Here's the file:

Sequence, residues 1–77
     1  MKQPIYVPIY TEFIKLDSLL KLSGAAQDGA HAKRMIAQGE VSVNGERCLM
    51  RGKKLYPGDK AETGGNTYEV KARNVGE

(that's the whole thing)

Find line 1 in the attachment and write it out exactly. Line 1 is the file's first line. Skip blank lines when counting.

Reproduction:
Sequence, residues 1–77